Phew! From private burial to public exhumation in one fell swoop. I feel like I’ve just admitted to a particularly unsavoury addiction.

I wonder, will I be equally unhappy about subsequent books as the years roll on? Time will tell. I do periodically take stock, and I often regret certain publishing decisions. But then, as the sticker on my computer used to say: Perfection is always one more draft away.

All I can do is implore you, if you come across my first attempt, don’t dismiss me out of hand. If you read the second, third, fourth … even sixth, bear in mind that I’m a work in progress. Even Ian Rankin reckons that the reason an author goes on writing is that he knows he can do better; the perfect novel is always hovering just beyond the current one.

In all my periodic analyses though, one resolve remains constant: not to write to a formula. I want to keep the yawn factor – ‘if-you’ve-read-one-McHaffie-you’ve-read-’em-all’ – to a minimum. I prefer to fit the format and genre of the writing to the subject matter of the book. So far I’ve had a stab at romance, crime, family saga, first person diary, and multiple-perspective narrative. I love the challenge of experimenting with new styles (as you know, I’m quickly bored). Maybe I run the risk of alienating readers who are strictly one-genre fans, but at the moment at least, I think it’s a risk worth taking, to be true to my topics. And to date I’ve been lucky enough not to lie awake at night worrying that my readers will have the sort of demands which burdened writers like Audrey Niffenegger or Yann Martel, or Donna Tartt, who were expected to live up to the standard of previous highly-acclaimed novels. Enough to give you writers’ block before you even start pounding the keyboard.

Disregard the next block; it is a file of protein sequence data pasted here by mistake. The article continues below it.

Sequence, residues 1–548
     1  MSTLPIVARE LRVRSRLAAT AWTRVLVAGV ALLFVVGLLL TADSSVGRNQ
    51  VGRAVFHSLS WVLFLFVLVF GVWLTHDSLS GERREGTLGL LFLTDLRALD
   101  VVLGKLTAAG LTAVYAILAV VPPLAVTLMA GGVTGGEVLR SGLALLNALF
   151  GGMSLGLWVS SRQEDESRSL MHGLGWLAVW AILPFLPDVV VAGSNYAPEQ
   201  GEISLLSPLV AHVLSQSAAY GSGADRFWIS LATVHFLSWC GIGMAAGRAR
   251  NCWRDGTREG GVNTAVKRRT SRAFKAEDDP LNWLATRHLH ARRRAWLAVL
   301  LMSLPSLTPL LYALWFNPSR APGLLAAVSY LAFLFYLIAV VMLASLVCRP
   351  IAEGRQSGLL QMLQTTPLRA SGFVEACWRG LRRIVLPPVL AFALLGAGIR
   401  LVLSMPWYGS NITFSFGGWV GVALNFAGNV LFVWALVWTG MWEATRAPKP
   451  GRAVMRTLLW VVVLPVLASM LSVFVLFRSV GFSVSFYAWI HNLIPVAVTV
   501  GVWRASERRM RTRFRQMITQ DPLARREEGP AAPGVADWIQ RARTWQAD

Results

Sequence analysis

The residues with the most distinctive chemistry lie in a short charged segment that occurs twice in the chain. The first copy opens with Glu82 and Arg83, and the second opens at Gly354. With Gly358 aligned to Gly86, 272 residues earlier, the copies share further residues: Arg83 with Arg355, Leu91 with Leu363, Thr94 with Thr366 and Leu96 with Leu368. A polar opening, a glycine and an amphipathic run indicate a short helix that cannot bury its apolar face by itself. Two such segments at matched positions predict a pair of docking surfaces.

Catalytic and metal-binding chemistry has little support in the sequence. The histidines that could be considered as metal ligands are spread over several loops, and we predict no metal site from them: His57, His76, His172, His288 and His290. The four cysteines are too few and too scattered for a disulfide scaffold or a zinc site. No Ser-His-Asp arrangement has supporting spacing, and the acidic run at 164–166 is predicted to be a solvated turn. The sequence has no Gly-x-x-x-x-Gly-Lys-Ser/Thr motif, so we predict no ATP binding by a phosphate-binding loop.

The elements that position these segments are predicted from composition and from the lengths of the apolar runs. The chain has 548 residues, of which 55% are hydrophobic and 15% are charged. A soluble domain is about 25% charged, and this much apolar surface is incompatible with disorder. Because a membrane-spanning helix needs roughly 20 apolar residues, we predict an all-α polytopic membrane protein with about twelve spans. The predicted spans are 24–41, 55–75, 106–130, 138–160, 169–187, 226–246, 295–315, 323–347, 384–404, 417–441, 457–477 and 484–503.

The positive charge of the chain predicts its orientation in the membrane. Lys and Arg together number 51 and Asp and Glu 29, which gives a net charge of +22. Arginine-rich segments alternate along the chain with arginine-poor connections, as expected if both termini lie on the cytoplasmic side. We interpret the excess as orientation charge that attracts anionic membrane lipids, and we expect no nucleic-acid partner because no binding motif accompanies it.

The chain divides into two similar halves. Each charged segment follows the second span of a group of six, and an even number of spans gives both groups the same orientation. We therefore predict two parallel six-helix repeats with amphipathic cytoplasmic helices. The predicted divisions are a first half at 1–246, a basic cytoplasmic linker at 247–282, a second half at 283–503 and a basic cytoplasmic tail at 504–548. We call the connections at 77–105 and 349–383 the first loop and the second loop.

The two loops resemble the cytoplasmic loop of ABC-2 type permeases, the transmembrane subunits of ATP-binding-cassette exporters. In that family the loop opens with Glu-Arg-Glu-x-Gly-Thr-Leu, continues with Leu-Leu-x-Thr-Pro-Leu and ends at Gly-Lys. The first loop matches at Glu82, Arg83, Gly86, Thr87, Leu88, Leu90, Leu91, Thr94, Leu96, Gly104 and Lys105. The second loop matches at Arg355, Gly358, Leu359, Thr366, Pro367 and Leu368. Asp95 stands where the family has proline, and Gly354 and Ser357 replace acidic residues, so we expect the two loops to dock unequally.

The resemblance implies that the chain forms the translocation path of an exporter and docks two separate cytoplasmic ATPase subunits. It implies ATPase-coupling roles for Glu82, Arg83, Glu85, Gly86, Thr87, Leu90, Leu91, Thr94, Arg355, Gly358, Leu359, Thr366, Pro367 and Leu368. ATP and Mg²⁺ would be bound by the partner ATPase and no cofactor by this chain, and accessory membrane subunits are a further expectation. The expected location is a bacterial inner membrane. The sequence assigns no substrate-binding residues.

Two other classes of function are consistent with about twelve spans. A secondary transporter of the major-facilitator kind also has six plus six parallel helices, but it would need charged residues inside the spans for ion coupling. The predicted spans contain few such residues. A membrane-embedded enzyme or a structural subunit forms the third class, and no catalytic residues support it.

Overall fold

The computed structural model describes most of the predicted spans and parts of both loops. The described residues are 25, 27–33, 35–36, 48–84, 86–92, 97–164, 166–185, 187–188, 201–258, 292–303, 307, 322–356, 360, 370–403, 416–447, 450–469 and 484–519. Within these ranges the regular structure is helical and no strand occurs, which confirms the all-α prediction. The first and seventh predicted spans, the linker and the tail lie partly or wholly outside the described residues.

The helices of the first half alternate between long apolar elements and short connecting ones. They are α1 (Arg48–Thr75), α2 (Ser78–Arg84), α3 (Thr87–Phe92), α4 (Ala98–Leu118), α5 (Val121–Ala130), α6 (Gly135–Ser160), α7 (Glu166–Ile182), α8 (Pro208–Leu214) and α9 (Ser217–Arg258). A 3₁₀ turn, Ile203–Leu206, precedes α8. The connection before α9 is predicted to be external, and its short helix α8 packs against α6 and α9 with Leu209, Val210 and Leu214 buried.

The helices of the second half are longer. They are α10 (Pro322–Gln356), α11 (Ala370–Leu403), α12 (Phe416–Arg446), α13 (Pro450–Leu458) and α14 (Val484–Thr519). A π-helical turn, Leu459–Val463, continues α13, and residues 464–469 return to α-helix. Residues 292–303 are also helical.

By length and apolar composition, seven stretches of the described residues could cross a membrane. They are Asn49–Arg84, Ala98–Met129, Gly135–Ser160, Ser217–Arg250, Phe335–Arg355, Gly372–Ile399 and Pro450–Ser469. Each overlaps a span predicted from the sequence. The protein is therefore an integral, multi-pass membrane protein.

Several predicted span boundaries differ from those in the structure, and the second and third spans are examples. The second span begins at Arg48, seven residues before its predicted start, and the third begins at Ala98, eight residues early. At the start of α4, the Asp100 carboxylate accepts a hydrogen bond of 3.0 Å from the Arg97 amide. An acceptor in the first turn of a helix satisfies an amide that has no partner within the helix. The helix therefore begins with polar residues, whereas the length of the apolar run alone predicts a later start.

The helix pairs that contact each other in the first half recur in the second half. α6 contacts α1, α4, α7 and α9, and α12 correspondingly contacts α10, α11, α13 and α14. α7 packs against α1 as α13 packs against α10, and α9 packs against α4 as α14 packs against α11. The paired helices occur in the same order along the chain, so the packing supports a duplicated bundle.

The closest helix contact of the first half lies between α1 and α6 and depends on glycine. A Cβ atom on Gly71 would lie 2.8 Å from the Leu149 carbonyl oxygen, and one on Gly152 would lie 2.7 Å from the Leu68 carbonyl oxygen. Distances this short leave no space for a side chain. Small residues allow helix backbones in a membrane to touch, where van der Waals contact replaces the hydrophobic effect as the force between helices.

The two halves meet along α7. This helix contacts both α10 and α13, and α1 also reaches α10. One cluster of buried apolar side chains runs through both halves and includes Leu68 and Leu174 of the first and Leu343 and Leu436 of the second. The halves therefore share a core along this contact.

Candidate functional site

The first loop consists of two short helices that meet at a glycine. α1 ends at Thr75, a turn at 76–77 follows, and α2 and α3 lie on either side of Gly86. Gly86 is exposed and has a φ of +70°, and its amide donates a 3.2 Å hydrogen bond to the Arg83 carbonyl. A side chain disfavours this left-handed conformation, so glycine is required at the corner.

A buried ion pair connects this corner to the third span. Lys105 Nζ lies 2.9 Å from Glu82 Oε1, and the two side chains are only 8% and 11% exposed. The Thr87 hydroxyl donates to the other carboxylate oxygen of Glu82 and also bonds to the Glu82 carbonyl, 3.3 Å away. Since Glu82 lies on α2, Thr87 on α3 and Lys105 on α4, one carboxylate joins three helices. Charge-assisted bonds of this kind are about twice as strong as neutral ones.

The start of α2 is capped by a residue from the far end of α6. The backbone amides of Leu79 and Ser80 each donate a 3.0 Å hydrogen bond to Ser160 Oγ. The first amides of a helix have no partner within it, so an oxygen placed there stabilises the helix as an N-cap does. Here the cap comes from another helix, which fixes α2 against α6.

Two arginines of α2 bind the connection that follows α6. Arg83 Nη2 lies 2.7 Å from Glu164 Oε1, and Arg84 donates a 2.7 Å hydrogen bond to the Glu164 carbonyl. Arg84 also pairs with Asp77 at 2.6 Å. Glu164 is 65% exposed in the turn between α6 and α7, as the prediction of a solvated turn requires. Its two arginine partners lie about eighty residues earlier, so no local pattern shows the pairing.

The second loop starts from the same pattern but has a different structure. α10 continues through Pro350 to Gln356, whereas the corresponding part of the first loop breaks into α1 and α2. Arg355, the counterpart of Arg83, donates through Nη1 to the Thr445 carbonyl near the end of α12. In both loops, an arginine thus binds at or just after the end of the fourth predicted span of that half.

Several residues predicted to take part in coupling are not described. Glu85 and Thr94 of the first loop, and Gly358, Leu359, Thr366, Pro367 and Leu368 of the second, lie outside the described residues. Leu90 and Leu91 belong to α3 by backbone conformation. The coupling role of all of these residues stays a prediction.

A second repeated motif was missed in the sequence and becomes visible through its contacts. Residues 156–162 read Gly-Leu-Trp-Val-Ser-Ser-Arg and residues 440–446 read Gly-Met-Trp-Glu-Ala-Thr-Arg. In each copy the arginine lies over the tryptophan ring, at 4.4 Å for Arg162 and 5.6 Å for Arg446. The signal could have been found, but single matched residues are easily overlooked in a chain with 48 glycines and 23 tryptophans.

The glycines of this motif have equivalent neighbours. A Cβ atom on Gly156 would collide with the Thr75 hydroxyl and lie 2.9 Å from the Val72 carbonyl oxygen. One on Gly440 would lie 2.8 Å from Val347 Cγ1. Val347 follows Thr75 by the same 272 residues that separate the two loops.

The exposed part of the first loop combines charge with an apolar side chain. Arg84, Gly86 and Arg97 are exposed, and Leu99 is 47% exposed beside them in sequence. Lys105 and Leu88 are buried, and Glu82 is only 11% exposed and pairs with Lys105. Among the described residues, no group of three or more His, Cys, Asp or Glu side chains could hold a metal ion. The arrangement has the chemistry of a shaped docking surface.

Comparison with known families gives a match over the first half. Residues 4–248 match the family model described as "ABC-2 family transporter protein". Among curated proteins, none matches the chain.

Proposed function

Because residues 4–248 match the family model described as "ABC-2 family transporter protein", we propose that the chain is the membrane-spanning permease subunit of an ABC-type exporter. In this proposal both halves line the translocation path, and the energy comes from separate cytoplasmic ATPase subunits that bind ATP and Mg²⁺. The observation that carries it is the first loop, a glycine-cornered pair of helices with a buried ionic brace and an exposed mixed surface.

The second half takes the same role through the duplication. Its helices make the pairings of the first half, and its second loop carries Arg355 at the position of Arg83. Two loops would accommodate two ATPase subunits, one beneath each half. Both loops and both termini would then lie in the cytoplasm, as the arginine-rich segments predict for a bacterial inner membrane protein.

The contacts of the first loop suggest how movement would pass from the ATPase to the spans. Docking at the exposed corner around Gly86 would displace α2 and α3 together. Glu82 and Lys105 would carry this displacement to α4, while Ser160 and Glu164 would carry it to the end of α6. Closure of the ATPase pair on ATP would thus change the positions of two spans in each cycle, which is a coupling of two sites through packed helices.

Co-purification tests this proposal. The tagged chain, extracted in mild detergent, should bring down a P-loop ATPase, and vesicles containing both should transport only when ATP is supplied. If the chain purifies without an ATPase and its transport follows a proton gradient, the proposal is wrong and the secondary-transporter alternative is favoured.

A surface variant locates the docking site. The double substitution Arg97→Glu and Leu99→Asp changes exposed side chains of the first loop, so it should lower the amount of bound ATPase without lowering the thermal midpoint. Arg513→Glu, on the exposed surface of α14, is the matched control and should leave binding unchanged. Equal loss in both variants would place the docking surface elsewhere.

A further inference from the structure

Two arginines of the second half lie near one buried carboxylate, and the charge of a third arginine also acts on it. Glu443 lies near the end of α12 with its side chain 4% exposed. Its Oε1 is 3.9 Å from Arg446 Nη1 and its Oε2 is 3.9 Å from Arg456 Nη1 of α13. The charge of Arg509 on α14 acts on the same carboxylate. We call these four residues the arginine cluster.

Of course, if one of my books were eventually to emerge into the glare of fame (well, one can always dream!) I might sink my principles, bury all past efforts (metaphorically speaking), and jump with alacrity onto the passing bandwagon. But while I luxuriate in the shadows and freedom of obscurity, I shall cling onto my personal idiosyncrasies, please myself, and enjoy what I do.

Monday evening:
What a difference a day makes.

My mother has taken a turn for the worse, so I’m returning to Birmingham immediately to spend what time is left with her. Which might have implications for my blog. And it has nicely put paid to my interview for radio on Thursday. I hope I’m forgiven.

, , , , ,